The Interview: Why take Seth Rogen's joke on Kim Jong-un so seriously?
For Kim Jong-un, the supreme leader of Democratic People's Republic of Korea (North Korea), it is all about image. In an attempt to build a larger-than-life persona for the world to see and fear, the military leader has chosen to be seen in military fatigues, in tanks, war-room simulations, flanked by his army generals and weapons. When photographed with his country's people, Jong-un is seen smiling warmly while commoners look unnerved (to say the least).
But American actor-filmmaker-comedian Seth Rogen failed to see the scary side of all those photoshoots conducted to portray his 'vision' and 'leadership'. Rogen in the climax of his now delayed film – The Interview – instead chooses to show the North Korean leader's head exploding. Now a common man can take a joke on the chin, but not a military leader who so desperately tries to come across as a 'badass' although his chubby looks would suggest otherwise.
Rogen forgot that the North Korean leader takes himself very seriously and has reportedly executed dozens of officials for watching South Korean soap operas or reading the Bible. Rogen's shenanigans have led to a series of cyber attacks on the producers of the film – Sony Pictures Entertainment - who balked at the threats and stopped the parody's release. Fair enough. Until the matter was sorted out, this should have pacified Jong-un, but that hasn't been the case.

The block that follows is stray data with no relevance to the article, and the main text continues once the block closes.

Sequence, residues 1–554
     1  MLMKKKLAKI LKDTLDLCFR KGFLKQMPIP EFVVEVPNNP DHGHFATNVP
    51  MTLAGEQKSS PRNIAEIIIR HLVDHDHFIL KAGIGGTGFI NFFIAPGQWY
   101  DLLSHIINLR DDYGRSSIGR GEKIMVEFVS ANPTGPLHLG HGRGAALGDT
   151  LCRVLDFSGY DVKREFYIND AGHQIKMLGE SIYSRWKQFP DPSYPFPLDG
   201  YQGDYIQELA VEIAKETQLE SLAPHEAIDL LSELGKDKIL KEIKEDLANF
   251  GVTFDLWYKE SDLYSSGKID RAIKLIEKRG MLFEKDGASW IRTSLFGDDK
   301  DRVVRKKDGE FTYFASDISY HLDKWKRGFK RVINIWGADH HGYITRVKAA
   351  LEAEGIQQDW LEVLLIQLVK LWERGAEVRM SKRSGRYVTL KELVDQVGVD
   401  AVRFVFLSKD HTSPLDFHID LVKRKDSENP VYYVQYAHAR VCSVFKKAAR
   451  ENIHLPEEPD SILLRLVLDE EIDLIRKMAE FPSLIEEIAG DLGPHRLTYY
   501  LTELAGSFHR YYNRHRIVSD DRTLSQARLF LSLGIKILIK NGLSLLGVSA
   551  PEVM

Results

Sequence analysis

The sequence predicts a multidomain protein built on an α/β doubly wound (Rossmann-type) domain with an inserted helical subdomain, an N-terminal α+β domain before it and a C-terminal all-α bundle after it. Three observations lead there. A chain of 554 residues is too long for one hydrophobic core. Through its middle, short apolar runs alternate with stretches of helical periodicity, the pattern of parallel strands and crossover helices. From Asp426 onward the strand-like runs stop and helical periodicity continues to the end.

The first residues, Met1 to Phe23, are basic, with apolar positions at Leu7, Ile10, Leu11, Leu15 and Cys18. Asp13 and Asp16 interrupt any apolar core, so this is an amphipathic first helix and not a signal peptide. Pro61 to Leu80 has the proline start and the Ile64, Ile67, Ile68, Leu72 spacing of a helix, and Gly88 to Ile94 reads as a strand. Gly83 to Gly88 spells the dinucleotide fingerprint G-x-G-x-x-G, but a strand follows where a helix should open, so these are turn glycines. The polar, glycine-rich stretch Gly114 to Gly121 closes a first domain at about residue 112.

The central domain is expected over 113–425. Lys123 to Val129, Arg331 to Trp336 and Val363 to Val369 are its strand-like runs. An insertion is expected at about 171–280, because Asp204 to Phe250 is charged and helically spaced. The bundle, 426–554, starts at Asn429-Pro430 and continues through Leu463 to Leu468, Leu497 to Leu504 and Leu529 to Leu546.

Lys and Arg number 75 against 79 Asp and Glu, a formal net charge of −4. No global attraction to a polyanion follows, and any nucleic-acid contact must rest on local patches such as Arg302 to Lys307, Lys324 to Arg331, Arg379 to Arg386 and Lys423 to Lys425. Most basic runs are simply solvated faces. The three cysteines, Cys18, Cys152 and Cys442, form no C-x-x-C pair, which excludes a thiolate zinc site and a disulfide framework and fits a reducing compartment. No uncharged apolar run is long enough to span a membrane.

The harebrained plot of the movie that had been widely called 'bizarre' and 'over-the-top' gave rise to a counterattack that was real, even more bizarre and absurdly over-the-top. Sony Pictures Entertainment's email has been hacked and embarrassing communications involving celebrities has been spilled into the open.
US President Barack Obama stepped in to intervene in the issue that involves States' nuclear-weapons-possessing enemy. Obama has accused North Korea of cyber vandalism and said that his country would respond 'proportionately'. Thankfully, he stopped short of acknowledging this as an act of war. Fair enough.
One would have guessed that the 'proportionate response' could have ranged anything from fortifying US' own web security or releasing Jong-un's less-flattering photos; but we aren't aware of anything of that sort having transpired yet.
In the run up to all this, Hollywood personalities have mocked the filmmakers of being meek. Actor George Clooney, in an interview with the trade site Deadline, urged Sony to "do whatever you can to get this movie out. Not because everybody has to see the movie, but because I'm not going to be told we can't see the movie." Intellectuals within the US see the censorship as an act of cowardice. They want to see the film, frankly because North Korea forbids them from viewing it. Frankly their response orders from - "You don't tell me what not to watch", to "just because you told me not to, I'll watch it."
Everyone has chosen to over-react and added to the whole mess that this has turned out to be. When in reality, from what we see in the trailers, this isn't even the funniest or the most outrageous of all political caricatures that Hollywood has seen. Certainly the caricatures of Adolf Hitler by Charlie Chaplin
and 'Three Stooges' in the black and white era come to mind. 'The Interview' can't surpass the nonsensical portrayal of a military leader essayed by Sacha Baron Cohen in 'The Dictator'.
All-in-all the entire saga reveals that Kim Jong-un cannot afford to let his countrymen be privy to an American spoof on him. And also that the film's makers - Seth Rogen and Evan Goldberg - will hope that the controversy helps them rake in the moolah. And that is of course, unless this triggers a war. In which case, all bets are off.